This is not the Lafite that I know of! Not sure if anybody on my table observed my expression, I must have looked completely lost, and for a good reason, I was completely lost! It looks like I will have to do some soul searching on this Lafite 1982 again when I chanced upon drinking it in the future. As such, I cannot put a score to something I don’t know. Its better I don’t pretend to know than to put an arbitrary score that affects my reputation as an unbiased judge.

Petrus needs no introduction. Its probably the most expensive wine in whole of Bordeaux while Le Pin arguably matches its price. Why is Petrus so expensive apart from the common logic of supply and demand? Simply put it, it’s just so good! I was blessed to have drunk quite a number of Petrus vintages. When young, it is really difficult to understand despite being more approachable (e.g. 2010).

I did not understand Petrus till I drank a bottle of 1994 next to legendary Sassicaia 1985, and Petrus 94 won by a hairline. Since then, my Petrus landscape has changed; I bought some very old Petrus to try, oldest I tried were 1952 & 1953, the kind of lushness, bold sweetness just cannot be reproduced by any other Bordeaux wines. I was blessed to have a chance to try the 1982 and 1989, both 100 pointers by Parker, and the experience was far from exceptional.

My first Petrus 1982 in Beijing wasn’t as impressive during my first Grand Tasting of 1982, wasn’t in my top 3, although I was able to tell it was a Petrus in the blind tasting. But tonight, fast forward 2 years after the last bottle, I must say there’s no replacement for Petrus 82. It just stood out from the crowd, quietly telling the rest, do not get near me, or else …….

The whole night, Petrus isolated itself from all the rest, a super unique identity; pure, silky, bold, intense, honeycomb like sweetness. In addition, and this is a very important factor to me: at 32 years old, it held in the glass throughout the whole dinner without a sign of fading or drying out. As a predominantly Merlot based grape type, it’s almost inconceivable, as it does not have the acidity to age well, but Petrus did it.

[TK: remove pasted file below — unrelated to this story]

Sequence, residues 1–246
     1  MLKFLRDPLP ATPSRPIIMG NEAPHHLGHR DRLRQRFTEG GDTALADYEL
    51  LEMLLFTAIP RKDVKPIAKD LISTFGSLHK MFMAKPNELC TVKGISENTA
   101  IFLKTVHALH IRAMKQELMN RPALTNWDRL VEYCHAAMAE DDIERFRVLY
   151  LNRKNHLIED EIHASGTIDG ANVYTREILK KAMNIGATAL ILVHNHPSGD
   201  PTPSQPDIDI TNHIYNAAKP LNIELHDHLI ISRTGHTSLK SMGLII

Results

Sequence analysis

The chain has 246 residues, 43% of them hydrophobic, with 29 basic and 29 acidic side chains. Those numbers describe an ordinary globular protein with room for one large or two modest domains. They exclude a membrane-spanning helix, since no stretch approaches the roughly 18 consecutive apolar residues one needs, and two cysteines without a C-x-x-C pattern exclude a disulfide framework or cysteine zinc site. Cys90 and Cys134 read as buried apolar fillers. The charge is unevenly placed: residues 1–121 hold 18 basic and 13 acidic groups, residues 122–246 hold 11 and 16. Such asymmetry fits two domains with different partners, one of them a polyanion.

Well, it looks like I will have to stop by Petrus the next time I visit Bordeaux. I gave this wine a 100 to 100 with both my hands and legs high up in the air.

Obviously wine of the night tonight.

Wine bottles of the night

Finally, we wrapped up with a liquid gold that was served before we call it a day – d’Yquem 1975.d’Yquem was classified as “superior first growth” in the 1855 classification. No other Sauternes had such classification, it is like telling people “I am the one and only king in my region, period”. That’s how proud the label is. True enough, I have not found any Sauternes that can match the kind of complexity, concentration and sweetness. Rieussec (now owned by Lafite Rothschild) came close at certain vintages (e.g. 2001), but still unmatched compared to d’Yquem. It is not easy to understand these sweet wines unless you have vast drinking experience, but its easy to drink a d’Yquem and understand what it is. 1975 is very complex, full of coffee and caramel on the nose. The body is extraordinarily rich, very complex, turned orange rind, orange peel as the night tickles away, a very long finishing wine, it just melts in your mouth and then lingered around for the next few minutes.

Before I wind down this article, I must thank Coutts, the joint organiser for the event, for their generosity.The wines had come from Coutts private collection bought many years ago and tonight they generously treated us a totally memorable night. So I must give them two thumbs up!  The kind of generosity goes way beyond imagination, for such wine tasting event, normally you get about 50 ml pour, very carefully measured. However at this  dinner, all my wines were topped up to the rim! I had so many chances of revisiting certain wines, particularly Petrus 82, that I must have drunk easily half a bottle of this label! The only missing essential utensil I didn’t have? Haha..a spittoon….. I drank every single drop of these wines!

As the old saying goes, “there is no great old wine, only a great bottle”.